Fredericksburg City Beat

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Vice Mayor: Let EDA and Kalahari negotiate

Vice Mayor Kerry Devine was administering SOL tests to her students at Walker-Grant Middle School during Friday’s on-air feud among Mayor Tom Tomzak, Councilman Matt Kelly and EDA member Rick Pullen. But as she heard over the weekend about what was said, she composed the following, which was submitted this afternoon as a letter to the editor intended for tomorrow’s paper. Don’t forget that tomorrow is the EDA’s scheduled meeting to discuss fees on the tax-exempt portion of Kalahari’s bond issue.

Devine said in an interview today that she feels the extension of the deadline for issuing the tax-exempt bonds from June 15 to Oct. 15 should give everyone some breathing room, and that any threats that a decision must made now or else is just “a scare tactic” by Kalahari.

Devine also brought up the standing policy among regional local governments against poaching economic development opportunities from one another. She mentioned that the city got some criticism a few years ago when it discussed a possible incentives package with a Spotsylvania firm (That move never happened, read about the situation here.) Devine said Spotsylvania County’s public willingness to bring the bond issue to its own EDA could be considered a breach of the non-poaching policy.

“I think Spotsy should never have said, ‘Sure, we’ll take it,’” Devine said today.

Here is Devine’s letter:

May 23, 2010

Kalahari Fees to the EDA

Let me begin by saying I am a Kalahari supporter and plan to remain one.

The current dispute between Kalahari and Fredericksburg’s EDA has pitted EDA members against each other and EDA members against City Council.  At question are the fees the EDA charges for issuing bonds, both tax-exempt and taxable. In the past those fees have been used for various economic development projects throughout the city for the benefit of all residents. Some of those projects include the brick wall at Hurkamp Park for the farmer’s market, business incentives along the Princess Anne corridor and several new downtown businesses, partnering with UMW and the Eagle Village project, and recently awarding grants through the Arts Commission for public art works downtown. Were the fees charged that generated money for those projects “ridiculous” or exorbitant? Kalahari has often talked about its involvement in community programs – this is certainly a step in that direction.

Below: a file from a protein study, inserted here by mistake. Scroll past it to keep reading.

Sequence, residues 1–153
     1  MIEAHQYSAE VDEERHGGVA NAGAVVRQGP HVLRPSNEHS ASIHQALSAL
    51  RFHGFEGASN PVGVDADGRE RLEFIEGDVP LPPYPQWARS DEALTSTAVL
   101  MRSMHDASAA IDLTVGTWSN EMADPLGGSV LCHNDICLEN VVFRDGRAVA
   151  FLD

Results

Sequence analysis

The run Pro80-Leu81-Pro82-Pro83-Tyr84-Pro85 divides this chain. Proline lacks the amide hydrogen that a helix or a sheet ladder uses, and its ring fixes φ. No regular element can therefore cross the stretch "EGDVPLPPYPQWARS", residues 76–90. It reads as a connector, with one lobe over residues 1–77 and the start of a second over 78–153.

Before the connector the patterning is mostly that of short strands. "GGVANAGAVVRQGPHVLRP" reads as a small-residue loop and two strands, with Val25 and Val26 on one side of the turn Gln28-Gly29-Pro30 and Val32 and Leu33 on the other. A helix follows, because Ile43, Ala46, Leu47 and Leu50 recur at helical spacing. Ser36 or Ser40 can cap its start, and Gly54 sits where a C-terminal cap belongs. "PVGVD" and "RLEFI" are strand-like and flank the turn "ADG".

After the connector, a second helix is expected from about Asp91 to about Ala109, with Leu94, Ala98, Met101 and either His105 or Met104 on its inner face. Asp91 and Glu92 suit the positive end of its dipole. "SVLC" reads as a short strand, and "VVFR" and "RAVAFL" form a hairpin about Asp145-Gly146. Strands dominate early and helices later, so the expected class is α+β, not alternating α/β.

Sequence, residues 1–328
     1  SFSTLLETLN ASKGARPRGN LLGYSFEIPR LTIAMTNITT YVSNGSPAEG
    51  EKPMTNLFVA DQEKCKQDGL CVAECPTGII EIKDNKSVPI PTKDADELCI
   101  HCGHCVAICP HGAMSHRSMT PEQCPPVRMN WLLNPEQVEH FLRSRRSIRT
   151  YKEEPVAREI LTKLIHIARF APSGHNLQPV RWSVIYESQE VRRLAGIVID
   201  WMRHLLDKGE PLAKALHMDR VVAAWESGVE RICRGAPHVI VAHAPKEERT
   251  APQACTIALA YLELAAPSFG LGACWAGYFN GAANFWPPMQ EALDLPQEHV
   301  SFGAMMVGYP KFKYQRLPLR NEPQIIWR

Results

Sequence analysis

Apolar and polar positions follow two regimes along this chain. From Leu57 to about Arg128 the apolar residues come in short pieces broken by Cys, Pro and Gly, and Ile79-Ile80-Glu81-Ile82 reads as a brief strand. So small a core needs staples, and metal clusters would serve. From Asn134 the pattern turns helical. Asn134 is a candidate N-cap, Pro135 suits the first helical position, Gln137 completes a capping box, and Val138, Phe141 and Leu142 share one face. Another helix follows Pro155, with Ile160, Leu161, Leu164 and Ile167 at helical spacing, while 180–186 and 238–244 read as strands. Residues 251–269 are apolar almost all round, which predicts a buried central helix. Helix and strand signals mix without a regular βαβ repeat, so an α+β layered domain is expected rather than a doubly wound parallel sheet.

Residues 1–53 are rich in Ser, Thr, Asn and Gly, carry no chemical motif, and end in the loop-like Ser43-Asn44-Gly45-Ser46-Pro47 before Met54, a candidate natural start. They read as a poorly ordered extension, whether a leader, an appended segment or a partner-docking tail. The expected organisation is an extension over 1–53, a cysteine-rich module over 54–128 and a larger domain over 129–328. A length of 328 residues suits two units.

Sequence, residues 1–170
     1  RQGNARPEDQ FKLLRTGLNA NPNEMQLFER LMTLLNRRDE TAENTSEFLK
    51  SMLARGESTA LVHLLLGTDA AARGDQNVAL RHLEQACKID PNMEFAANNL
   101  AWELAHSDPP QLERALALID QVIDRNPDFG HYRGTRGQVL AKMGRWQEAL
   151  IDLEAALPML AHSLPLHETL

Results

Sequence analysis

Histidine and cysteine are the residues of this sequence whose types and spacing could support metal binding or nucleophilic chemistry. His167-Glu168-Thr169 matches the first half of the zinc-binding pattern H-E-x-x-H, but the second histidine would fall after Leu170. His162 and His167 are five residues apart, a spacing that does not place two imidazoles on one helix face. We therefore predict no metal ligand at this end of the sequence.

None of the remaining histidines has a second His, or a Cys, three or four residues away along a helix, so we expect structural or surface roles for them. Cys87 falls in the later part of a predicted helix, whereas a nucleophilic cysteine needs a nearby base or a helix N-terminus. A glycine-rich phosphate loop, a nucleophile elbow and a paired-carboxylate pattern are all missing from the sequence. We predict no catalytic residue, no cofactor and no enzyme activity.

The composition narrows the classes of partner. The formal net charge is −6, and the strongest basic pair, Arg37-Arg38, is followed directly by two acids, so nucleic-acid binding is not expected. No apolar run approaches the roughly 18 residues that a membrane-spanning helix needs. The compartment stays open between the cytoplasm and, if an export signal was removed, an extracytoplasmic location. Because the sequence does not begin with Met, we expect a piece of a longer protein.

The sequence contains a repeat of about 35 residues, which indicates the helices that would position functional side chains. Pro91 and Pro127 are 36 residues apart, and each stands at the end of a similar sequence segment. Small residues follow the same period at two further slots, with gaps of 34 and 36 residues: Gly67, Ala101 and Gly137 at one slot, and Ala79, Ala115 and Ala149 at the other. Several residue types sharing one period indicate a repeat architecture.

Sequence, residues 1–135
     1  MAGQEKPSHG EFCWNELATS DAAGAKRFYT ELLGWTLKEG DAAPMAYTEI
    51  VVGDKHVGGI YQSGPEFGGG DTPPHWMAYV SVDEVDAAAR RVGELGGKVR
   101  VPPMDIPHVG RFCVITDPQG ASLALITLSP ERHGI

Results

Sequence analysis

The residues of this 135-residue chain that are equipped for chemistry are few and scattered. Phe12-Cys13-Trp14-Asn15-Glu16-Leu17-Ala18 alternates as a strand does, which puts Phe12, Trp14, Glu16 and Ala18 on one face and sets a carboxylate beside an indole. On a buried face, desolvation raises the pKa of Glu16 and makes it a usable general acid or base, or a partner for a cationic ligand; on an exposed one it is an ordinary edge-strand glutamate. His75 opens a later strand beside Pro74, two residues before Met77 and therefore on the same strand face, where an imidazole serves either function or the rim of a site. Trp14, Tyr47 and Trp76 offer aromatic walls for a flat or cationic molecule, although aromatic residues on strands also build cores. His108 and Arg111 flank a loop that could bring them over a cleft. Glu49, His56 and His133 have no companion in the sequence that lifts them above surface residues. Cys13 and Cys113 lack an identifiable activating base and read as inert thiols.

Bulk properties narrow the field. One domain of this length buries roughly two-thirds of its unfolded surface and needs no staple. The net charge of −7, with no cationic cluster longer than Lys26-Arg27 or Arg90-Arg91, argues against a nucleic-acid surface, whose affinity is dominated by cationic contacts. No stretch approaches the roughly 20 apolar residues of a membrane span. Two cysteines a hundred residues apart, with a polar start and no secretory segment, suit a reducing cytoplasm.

As the EDA meets today, I am hopeful of several outcomes.  Kalahari has indicated its acceptance of fees on the $30 million tax-exempt portion. That should be finalized and off the table.

The EDA and Kalahari should then negotiate the fees on the balance of the $240 million taxable bonds. The one exception the EDA has made on its fees was for the hospital, a project of great magnitude and benefit to the city. As Kalahari stands to be another project of great magnitude and benefit to the city, the EDA should be given the opportunity to further meet and negotiate with Kalahari. While city staff worked diligently to come up with a compromise, I do not fault the EDA for doing its job and needing additional time to negotiate and look out for the interests of the city.

The initial negotiations with Kalahari took many months and caused many gray hairs (I have to blame them on something) and hours of hand-wringing. Having been at the table I can tell you that getting to the agreement was arduous, with tempers on the rise at many times. Both sides had to give and accept; that is why it’s called negotiations.